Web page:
The term “quiet quitting” was first popularised on TikTok in July 2022 . Subsequently, it received a mix of responses from both employees and employers. On one hand, some view it as a way of safeguarding employee mental health, claiming it to be an antidote to “hustle culture”. On the other hand, some believe it to be a rather emotional response that can affect one’s professional development and display of work ethics.
But what exactly is quiet quitting? Is this act ideal in countering the dangers of hustle culture?
“Quiet Quitting” in Singapore context
“Quiet quitting” is an attitude of sticking closely only to what is required in the job scope and completing the bare minimum. Oftentimes, employees adopt the attitude to “quit” the cycle of overworking and overtime, a common aspect of Singapore’s hustle culture.
In a 2019 study done by tech company Kisi, it was found that Singapore is known to have long work hours such that we are ranked second most overworked country among 40 cities . 73% of Singaporean employees are unhappy with our 45 hours work week, with 62% feeling burnt out .
Reasons people “quiet quit”
Individuals find themselves “quiet quitting” for reasons such as:
Frustration with heavy workloads over long periods of time
We may be frustrated from receiving too much work from our employers, but we may find it difficult to communicate that with our employers, often because of the apparent gap between employers and employees. As a result, we engage in “quiet quitting” behaviours to express our frustration.
A call for work-life balance
To achieve work-life balance, we have to maintain a healthy balance between our work life and personal life  — having ample rest on days without work and finding time for family and friends while meeting work deadlines.
However, we may find ourselves worrying about work on the weekends, or struggling with our workload even on our days off. If we are unable to feel fulfilled in both aspects of our lives, we may have a tendency to “quiet quit”.
Possible sign of approaching “burnout”
As part of the hustle culture, we often push ourselves beyond our limits to achieve our definition of success, without any complaints about our overwhelming workload. Consequently, we find ourselves defining our worth by our level of productivity. However, if we were to continuously prioritise our work over our mental health, we may eventually lose sight of the reason for our efforts, leading to burnouts .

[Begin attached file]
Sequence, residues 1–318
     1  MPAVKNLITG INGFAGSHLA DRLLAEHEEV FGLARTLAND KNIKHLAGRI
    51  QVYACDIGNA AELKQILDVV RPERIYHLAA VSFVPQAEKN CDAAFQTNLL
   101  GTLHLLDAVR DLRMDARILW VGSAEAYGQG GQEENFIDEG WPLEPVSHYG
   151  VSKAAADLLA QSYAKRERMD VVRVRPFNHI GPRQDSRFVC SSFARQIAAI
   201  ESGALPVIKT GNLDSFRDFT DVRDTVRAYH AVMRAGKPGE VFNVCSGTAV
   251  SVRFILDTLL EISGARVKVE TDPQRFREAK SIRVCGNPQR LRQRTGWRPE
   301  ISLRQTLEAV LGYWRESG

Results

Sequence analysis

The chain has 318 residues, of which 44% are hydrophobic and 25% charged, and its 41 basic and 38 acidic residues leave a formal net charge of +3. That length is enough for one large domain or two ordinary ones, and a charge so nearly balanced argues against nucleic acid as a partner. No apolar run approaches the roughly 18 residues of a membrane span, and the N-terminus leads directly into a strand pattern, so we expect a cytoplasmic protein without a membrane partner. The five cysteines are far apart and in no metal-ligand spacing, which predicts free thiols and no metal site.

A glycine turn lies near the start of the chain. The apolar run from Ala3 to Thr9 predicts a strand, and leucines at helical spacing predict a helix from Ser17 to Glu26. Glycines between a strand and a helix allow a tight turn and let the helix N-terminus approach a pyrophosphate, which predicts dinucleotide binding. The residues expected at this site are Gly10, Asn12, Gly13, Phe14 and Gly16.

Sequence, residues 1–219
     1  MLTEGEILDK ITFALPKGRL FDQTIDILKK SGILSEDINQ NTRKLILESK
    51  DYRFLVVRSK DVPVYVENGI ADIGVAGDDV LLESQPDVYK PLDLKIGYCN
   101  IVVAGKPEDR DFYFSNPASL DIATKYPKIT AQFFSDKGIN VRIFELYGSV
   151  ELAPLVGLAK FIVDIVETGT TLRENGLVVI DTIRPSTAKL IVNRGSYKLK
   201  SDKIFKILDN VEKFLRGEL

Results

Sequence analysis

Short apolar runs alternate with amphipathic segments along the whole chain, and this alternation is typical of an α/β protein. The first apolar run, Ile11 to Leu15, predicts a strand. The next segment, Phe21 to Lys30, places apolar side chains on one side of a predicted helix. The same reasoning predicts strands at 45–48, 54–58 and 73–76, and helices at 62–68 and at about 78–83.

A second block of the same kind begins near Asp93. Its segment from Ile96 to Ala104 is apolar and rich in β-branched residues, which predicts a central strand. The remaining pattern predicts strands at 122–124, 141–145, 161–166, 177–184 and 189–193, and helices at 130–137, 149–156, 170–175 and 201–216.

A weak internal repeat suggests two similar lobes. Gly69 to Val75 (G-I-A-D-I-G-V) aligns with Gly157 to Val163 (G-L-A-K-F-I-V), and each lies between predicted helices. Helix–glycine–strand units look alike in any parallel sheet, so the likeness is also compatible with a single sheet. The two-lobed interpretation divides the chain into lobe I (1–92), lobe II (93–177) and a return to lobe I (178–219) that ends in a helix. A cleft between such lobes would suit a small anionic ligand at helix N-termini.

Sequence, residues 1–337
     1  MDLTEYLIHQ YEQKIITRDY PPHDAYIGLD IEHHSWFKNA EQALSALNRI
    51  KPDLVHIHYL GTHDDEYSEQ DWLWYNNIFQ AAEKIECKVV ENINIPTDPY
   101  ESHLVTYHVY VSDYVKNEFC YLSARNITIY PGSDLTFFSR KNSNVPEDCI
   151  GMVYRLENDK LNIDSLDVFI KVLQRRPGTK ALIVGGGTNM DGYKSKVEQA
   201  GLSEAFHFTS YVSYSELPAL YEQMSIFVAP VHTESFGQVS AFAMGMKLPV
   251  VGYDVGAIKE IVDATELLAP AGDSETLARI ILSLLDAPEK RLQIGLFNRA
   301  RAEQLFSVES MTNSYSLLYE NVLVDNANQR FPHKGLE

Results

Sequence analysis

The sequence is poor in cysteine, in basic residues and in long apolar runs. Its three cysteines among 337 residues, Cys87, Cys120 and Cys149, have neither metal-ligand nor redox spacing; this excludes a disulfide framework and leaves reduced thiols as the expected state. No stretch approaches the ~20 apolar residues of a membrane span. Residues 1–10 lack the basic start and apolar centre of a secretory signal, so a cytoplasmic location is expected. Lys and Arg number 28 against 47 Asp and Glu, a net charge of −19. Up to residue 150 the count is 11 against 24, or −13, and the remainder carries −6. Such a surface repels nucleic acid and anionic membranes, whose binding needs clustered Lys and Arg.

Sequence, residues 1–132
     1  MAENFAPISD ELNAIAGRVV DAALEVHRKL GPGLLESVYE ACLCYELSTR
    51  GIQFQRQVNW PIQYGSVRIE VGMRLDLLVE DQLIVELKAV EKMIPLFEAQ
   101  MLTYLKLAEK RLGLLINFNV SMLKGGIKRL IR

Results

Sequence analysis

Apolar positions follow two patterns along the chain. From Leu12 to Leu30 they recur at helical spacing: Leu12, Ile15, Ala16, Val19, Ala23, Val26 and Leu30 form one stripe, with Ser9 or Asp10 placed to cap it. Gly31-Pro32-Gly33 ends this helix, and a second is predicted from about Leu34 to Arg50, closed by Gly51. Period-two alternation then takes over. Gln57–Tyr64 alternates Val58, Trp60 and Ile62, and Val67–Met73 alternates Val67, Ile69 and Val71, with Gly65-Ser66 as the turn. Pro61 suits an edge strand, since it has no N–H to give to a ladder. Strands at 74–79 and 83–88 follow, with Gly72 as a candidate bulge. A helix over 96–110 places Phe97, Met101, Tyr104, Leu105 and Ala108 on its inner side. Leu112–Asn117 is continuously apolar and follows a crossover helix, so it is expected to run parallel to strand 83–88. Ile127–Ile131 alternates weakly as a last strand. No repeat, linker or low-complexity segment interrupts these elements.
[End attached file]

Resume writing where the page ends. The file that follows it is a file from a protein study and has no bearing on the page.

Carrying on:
Burnouts occur when we are emotionally exhausted from our workload and we may likely cope by “quiet quitting”.
Individuals who are going through burnouts, may experience:
- Loss of passion for the job or industry
- A sense of pessimism
- Apathy towards job
- Lack of capacity to continue going on full-drive at work
Is “quiet quitting” bad?
The act of “quiet quitting” can take on different meanings, depending on how it is done. Usually, we may not be able to set firm boundaries for ourselves at the workplace, leading to miscommunication and burnouts. Therefore, it is essential for employees and employers alike to create a space for open communication and enforcement of boundaries, especially if the workplace has a culture of expecting employees to overwork.
However, it is also worth considering:
1. Have you had a sit-down conversation to discuss your workload with your supervisor?
It is often considered more respectful to tactfully communicate your struggles before acting out. Moreover, your boss can be given this chance to make things right for you without hurting the relationship going forward.
For instance, we can tell our boss:
- “I have been having difficulty handling my workload lately, will it be okay for us to discuss it for a bit?”
- “I understand I have not been able to meet my deadlines recently… Honestly, I have been struggling with some personal issues. Will it be alright for us to discuss the possibilities of reducing my workload?”